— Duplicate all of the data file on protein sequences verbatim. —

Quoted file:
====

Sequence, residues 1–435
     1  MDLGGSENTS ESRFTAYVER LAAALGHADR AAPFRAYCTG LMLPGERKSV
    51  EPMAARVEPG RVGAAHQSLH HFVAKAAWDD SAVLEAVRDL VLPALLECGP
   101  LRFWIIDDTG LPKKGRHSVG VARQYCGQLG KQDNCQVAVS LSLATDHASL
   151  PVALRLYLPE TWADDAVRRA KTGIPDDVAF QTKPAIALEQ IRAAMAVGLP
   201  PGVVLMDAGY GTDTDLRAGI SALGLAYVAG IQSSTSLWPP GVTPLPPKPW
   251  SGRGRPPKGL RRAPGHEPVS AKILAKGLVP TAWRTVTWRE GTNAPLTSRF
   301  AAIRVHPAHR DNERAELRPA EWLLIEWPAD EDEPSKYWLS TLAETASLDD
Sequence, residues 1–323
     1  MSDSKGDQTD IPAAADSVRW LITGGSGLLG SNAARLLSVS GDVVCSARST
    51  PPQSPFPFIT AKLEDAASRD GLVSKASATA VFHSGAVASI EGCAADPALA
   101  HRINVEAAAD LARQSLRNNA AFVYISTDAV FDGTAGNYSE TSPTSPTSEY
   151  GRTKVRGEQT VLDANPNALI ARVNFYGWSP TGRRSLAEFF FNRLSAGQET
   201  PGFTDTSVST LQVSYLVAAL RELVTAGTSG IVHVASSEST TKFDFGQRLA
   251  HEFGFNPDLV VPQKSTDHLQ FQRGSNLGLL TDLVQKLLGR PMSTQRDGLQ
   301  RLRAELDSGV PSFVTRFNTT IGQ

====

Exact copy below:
Sequence, residues 1–435
     1  MDLGGSENTS ESRFTAYVER LAAALGHADR AAPFRAYCTG LMLPGERKSV
    51  EPMAARVEPG RVGAAHQSLH HFVAKAAWDD SAVLEAVRDL VLPALLECGP
   101  LRFWIIDDTG LPKKGRHSVG VARQYCGQLG KQDNCQVAVS LSLATDHASL
   151  PVALRLYLPE TWADDAVRRA KTGIPDDVAF QTKPAIALEQ IRAAMAVGLP
   201  PGVVLMDAGY GTDTDLRAGI SALGLAYVAG IQSSTSLWPP GVTPLPPKPW
   251  SGRGRPPKGL RRAPGHEPVS AKILAKGLVP TAWRTVTWRE GTNAPLTSRF
   301  AAIRVHPAHR DNERAELRPA EWLLIEWPAD EDEPSKYWLS TLAETASLDD
Sequence, residues 1–323
     1  MSDSKGDQTD IPAAADSVRW LITGGSGLLG SNAARLLSVS GDVVCSARST
    51  PPQSPFPFIT AKLEDAASRD GLVSKASATA VFHSGAVASI EGCAADPALA
   101  HRINVEAAAD LARQSLRNNA AFVYISTDAV FDGTAGNYSE TSPTSPTSEY
   151  GRTKVRGEQT VLDANPNALI ARVNFYGWSP TGRRSLAEFF FNRLSAGQET
   201  PGFTDTSVST LQVSYLVAAL RELVTAGTSG IVHVASSEST TKFDFGQRLA
   251  HEFGFNPDLV VPQKSTDHLQ FQRGSNLGLL TDLVQKLLGR PMSTQRDGLQ
   301  RLRAELDSGV PSFVTRFNTT IGQ